The global media conglomerate run by Rupert Murdoch plans to solicit bids from Microsoft, Google and Yahoo, News Corp. Chief Operating Officer Peter Chernin said at a Deutsche Bank Media & Telecom conference broadcast over the Web.
'We will auction off our search business to Google, Yahoo, or MSN,' Chernin said, confirming market speculation.
Murdoch has previously said that News Corp. was seeking an investment in the search business. On Tuesday, Chernin said, 'Our instincts are we can't get into the search business in the same way.'"

Kevin Mitnick, the great pretender

Newsmakers | CNET "Ten years ago, there wasn't much of a World Wide Web to exploit, but there were still hackers--or, more accurately, crackers.
Without the current glut of naive Web users to exploit, would-be cyberthieves and vandals had to be somewhat more creative, and one of the most creative and infamous was Kevin Mitnick.
Arrested by the FBI in 1995 and convicted of breaking into the systems of Fujitsu Siemens, Nokia and Sun Microsystems, Mitnick served five years in prison--eight months of it in solitary confinement"

Tuesday, June 13, 2006

Net neutrality fight returns to Senate

CNET "WASHINGTON--The political tussle over Net neutrality shifted back to the Senate's turf Tuesday, taking center stage at the last public hearing before a mammoth communications bill goes up for a preliminary vote.
As leaders of the Senate Commerce Committee continue negotiations over how to deal with the controversial concept, committee members and witnesses from advocacy groups took turns airing their positions yet again.
The latest draft of the sweeping bill, called the Consumer's Choice and Broadband Deployment Act, numbers 151 pages and covers everything from the digital television switch to city-run broadband networks to changes in the procedure by which video services operators seek franchises to serve new areas.
Arguably the most contentious portion has turned out to be Net neutrality, the idea that network operators should not be allowed to prioritize Internet content and services that travel across their pipes or to make deals with companies seeking special treatment. "

Monday, June 12, 2006

Yahoo launches customized IE 7 beta

CNET "The lines are being drawn in the search wars, with Yahoo and Microsoft squaring off against Firefox and Google.
Yahoo has launched a customized version of Microsoft Internet Explorer 7 Beta 2 which has Yahoo search built into the browser.
The customized browser sets as the default home page on the primary tab, while Yahoo Mail automatically loads in the secondary tab. The Internet giant used Microsoft's Internet Explorer Administration Kit to customize IE 7, according to a Friday post on IEBlog.
Although Yahoo's customized browser presets the home page and search to Yahoo properties, 'users can easily change the settings, just as they can with the standard version that [Microsoft] ships', according to IEBlog. "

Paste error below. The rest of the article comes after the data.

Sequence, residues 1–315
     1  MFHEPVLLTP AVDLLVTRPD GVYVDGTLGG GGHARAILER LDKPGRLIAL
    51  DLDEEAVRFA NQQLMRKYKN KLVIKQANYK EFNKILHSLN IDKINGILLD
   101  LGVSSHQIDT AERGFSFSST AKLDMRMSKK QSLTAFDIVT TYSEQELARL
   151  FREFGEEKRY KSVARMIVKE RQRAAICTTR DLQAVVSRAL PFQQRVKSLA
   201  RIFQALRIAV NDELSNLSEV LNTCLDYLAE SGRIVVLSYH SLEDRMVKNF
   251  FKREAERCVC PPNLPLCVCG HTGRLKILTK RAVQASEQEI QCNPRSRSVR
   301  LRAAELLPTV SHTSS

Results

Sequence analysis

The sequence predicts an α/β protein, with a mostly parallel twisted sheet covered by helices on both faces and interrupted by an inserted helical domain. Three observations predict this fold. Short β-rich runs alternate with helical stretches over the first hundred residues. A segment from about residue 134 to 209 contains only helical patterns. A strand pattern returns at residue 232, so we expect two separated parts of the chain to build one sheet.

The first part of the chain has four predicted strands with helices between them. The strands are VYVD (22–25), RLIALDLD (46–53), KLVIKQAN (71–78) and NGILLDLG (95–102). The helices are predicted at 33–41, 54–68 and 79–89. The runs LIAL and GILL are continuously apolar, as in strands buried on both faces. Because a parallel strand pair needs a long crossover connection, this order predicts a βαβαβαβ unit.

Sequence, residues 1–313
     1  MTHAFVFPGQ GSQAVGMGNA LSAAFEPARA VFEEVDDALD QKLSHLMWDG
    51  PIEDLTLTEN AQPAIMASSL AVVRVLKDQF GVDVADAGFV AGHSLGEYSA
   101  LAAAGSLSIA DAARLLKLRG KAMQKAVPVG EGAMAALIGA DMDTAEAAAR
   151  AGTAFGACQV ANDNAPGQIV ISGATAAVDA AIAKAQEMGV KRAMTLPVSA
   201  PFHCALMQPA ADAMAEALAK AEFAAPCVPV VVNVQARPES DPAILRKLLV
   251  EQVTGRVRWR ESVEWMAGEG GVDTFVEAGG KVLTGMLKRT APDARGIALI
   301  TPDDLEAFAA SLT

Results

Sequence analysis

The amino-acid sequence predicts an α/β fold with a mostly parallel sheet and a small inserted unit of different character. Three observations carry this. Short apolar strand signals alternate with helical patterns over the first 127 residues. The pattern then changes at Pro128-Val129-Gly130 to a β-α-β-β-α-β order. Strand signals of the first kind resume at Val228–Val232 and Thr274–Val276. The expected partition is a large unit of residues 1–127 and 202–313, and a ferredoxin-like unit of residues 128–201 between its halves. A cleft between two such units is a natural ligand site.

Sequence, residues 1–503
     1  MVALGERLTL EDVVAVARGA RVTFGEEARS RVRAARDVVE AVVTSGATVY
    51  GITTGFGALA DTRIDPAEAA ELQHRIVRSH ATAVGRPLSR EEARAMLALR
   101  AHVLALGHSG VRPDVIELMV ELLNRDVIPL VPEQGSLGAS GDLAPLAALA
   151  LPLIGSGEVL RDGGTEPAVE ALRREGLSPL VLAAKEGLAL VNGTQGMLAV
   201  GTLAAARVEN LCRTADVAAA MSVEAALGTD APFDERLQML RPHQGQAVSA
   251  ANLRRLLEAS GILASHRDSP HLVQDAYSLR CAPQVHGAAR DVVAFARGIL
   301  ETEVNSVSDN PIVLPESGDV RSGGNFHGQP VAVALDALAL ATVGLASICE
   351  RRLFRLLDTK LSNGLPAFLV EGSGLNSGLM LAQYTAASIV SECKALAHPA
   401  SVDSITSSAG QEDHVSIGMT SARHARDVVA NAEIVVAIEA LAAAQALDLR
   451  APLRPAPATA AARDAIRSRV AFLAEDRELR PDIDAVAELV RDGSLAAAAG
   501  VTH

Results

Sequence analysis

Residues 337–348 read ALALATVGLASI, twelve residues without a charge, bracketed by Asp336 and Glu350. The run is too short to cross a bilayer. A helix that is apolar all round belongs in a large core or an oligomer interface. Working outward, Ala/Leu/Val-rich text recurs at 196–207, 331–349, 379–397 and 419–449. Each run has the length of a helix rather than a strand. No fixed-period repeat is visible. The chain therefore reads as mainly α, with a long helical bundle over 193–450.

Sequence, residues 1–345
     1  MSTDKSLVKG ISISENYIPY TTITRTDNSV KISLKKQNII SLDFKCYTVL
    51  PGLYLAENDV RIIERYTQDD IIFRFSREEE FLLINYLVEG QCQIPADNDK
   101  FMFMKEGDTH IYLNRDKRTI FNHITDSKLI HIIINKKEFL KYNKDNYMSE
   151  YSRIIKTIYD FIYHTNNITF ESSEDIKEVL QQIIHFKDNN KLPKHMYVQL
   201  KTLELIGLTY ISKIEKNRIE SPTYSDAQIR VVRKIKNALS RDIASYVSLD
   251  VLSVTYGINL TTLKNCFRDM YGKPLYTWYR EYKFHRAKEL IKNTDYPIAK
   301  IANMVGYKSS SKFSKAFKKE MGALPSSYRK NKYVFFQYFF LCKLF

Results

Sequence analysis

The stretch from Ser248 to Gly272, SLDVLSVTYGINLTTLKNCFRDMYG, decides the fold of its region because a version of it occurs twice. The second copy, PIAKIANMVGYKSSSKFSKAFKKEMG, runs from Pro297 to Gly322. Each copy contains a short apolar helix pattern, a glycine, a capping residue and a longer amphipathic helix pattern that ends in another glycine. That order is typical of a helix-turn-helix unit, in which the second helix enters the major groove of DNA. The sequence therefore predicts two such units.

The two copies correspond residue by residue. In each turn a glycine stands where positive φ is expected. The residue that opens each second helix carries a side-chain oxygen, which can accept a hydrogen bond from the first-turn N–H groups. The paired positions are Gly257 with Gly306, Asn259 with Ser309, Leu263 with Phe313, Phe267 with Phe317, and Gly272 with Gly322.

Google's Gbuy nears launch

CNET "Google's online payment system, Gbuy, is expected to launch June 28, further pitting the Internet giant against industry titan and rival eBay, according to a research note released Friday by a Wall Street analyst.
Gbuy is expected to be free during the initial phase, but merchants may eventually be charged a 1.5 percent to 2 percent per-transaction fee, Jordan Rohan, an RBC Capital Markets analyst, said in his research note. A fee of that size would be slightly less than that charged by eBay's online payment system, PayPal.
Google was not immediately available to comment. "

Microsoft: Zombies most prevalent Windows threat

CNET "Many Windows PCs have been turned into zombies, but rootkits are not yet widespread, according to a Microsoft security report slated for release Monday.
More than 60 percent of Windows PCs scanned by Microsoft's Windows Malicious Software Removal Tool between January 2005 and March 2006 were found to run malicious bot software, according to Microsoft. The tool removed at least one version of the remote control software from about 3.5 million PCs, the software maker said.
'Backdoor Trojans…are a significant and tangible threat to Windows users,' Microsoft said in the report.
A computer compromised by such a Trojan, popularly referred to as a zombie, can be used by attackers in a network of bots, or botnet, to relay spam and launch cyberattacks. Additionally, hackers often steal the victim's data and install spyware and adware on PCs, to earn a kickback from the spyware or adware maker. "

Thursday, June 08, 2006

Domain name price hikes come under fire

CNET "WASHINGTON--A dispute over the cost of Internet domain names has spilled over onto Capitol Hill, where allegations of monopolization and unreasonable price hikes surfaced in a congressional hearing on Wednesday.

The dispute arises out of a lawsuit settlement reached on March 1 in which the Internet Corporation for Assigned Names and Numbers (ICANN) gave VeriSign the right to raise fees on .com domains by 7 percent annually. The settlement, approved by ICANN's board by a 9-5 vote, ended a legal spat that started with VeriSign's controversial move to take control of all unassigned .com and .net domain names in 2003.

Those guaranteed price hikes struck some members of the House of Representatives' Small Business Committee as unreasonable. 'When you're talking about increased prices and you're allowed to do that at VeriSign, I don't know that's going to produce any better safety or security from anyone who's paying that additional cost,' said Rep. Sue Kelly, a New York Republican. 'And I haven't heard anything today that tells me that would be the case.' "

Hotel offers BlackBerry reprieve

CNET "BlackBerry addicts have a crack at freedom when they check into one Chicago hotel: the manager will put the communications devices and others like them under lock and key for guests who want a break.